World’s key workers threaten to hit economy where it will hurt

By Augusta Saraiva and Bryce Baschuk

The pandemic has put unprecedented strain on global supply chains -– and also on the workers who’ve kept those systems running under tough conditions. It looks like many of them have had enough.

A surge in strikes and other labor protests is threatening industries all over the world, and especially the ones that involve moving goods, people and energy around. From railway and port workers in the US to natural-gas fields in Australia and truck drivers in Peru, employees are demanding a better deal as inflation eats into their wages.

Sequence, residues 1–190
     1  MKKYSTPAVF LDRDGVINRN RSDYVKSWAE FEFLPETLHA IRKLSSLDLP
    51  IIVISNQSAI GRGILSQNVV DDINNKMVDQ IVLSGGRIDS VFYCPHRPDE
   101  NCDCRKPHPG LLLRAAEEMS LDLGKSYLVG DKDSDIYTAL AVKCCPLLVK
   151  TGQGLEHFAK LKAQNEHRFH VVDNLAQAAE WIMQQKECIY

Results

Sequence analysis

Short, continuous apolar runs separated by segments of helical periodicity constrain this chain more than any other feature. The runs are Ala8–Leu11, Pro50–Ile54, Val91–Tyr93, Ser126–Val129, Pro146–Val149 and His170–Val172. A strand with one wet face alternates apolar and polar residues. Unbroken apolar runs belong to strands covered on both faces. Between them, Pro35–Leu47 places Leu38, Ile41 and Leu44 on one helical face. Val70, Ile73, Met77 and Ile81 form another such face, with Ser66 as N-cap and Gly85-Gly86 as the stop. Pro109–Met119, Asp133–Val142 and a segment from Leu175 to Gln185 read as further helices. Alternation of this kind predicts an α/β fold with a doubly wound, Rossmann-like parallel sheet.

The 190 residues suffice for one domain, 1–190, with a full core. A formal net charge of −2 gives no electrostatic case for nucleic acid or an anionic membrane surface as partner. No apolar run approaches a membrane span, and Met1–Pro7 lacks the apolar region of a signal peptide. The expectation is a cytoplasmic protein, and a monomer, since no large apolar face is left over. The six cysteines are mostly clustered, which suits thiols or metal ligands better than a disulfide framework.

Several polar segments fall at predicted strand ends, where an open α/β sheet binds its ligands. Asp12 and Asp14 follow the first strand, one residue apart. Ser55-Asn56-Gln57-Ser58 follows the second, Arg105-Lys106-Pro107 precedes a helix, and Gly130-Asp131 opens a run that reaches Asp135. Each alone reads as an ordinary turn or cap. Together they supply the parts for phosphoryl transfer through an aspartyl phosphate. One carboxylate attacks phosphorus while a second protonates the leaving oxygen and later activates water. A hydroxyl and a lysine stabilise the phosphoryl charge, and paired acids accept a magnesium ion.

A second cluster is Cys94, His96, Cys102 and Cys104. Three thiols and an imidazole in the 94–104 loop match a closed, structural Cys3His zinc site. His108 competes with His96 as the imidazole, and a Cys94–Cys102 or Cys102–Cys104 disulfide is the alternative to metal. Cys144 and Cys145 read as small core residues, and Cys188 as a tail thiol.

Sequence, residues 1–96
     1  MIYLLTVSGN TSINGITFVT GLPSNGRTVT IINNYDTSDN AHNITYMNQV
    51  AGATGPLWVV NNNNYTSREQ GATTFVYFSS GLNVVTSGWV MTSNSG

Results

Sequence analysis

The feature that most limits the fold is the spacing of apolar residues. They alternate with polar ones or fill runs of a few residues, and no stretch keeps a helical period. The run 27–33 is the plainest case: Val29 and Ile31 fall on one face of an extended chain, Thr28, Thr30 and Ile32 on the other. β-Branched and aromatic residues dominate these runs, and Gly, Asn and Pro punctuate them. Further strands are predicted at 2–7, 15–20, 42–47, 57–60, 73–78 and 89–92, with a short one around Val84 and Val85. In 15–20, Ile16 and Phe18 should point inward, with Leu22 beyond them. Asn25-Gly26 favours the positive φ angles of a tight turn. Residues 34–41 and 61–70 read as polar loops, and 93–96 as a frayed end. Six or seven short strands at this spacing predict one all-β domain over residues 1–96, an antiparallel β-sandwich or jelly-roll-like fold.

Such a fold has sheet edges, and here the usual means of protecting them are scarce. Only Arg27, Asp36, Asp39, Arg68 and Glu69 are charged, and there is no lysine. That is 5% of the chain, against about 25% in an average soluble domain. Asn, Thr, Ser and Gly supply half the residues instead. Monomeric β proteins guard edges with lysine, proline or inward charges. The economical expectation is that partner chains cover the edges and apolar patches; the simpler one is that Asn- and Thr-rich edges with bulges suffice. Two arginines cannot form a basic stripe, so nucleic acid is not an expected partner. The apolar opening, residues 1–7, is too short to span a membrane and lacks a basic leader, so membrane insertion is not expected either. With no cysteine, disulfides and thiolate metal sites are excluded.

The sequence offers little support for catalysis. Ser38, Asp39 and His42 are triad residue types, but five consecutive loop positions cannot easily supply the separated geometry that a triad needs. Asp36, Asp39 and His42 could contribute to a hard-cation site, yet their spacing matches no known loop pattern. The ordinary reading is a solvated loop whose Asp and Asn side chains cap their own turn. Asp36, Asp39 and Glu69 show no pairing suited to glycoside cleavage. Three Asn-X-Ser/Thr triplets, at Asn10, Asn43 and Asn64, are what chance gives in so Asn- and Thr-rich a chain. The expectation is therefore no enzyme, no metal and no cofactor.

Precisely because their work is so crucial to the world economy right now –- with supply chains still fragile and job markets tight –- those workers have leverage at the bargaining table. Any disruptions caused by labor disputes could add to the shortages and soaring prices that threaten to trigger recessions.

That is emboldening employees in transportation and logistics -– which spans everything from warehouses to trucking — to stand up to their bosses, according to Katy Fox-Hodess, a lecturer in employment relations at Sheffield University Management School in the UK. She points to already-tough working conditions in the industry after years of deregulation.

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